Monthly Archives: June 2011
In the past few weeks we’ve witnessed West Ham United and Nottingham Forest praised across a variety of media for the swift, efficient appointment of managers seemingly perfectly positioned to restore these formerly big clubs back to the big time. Certainly a small section of the fans of both clubs have had their misgivings but these pale in comparison to what Aston Villa fans are experiencing right now.
It is the first of March 2004 and two managers sit in their respective offices. They are pondering a match the day before which had seen Steve McClaren’s Middlesbrough narrowly beating Sam Allardyce’s Bolton Wanderers 2-1 in the League Cup Final. Two of the most promising English managers going head to head. Allardyce, with his focus on scientific methods and dedication to pragmatic, aggressive football, had managed to firmly establish Bolton as a Premier League team since promotion in 2001. McClaren had also steadily improved Middlesbrough, using a mixture of young home-grown talent he found within his new academy and an attacking flair borne of his days as assistant manager at Old Trafford. His team would go on the next season to finish seventh in the Premier League and reach the UEFA Cup final the season after that. How exactly did these two successful, unique and talented coaches end up, seven years later, preparing to face off yet again, this time in the second tier of the English domestic game?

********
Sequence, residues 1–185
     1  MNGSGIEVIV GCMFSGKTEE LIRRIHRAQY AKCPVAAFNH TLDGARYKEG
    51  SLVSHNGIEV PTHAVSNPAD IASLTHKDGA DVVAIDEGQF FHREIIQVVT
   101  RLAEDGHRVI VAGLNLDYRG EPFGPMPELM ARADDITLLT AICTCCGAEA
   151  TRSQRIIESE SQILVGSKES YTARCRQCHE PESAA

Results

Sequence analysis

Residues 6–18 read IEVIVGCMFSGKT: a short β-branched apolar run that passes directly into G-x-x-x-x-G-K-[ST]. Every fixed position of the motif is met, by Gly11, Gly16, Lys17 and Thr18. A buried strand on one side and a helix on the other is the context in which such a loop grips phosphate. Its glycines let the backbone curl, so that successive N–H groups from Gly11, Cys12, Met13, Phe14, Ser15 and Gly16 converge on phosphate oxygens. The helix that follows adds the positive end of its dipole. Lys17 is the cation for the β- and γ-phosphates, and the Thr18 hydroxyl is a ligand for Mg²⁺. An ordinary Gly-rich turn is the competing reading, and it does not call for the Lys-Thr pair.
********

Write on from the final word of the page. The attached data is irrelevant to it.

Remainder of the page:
“People who love soft methods and hate iniquity forget… that reform consists in taking a bone from a dog.”
- John Jay Chapman
As Sepp Blatter settles into his fourth term as President of the FIFA Family, we have in recent weeks seen an outpouring of opprobrium toward the increasingly sinister and opaque world of international football governance. As more and more members of the so-called Executive Committee are linked to corruption charges, the average football fan is left wondering, if not the ineffectual national associations such as the FA, nor the wider federations such as Michel Platini’s obsequious UEFA, nor the pocket lining overlords in Zurich, who exactly is looking after our beloved game?
The answer, quite simply, is no-one. Unless of course you count those long-neglected, put upon and persecuted people, us, the fans.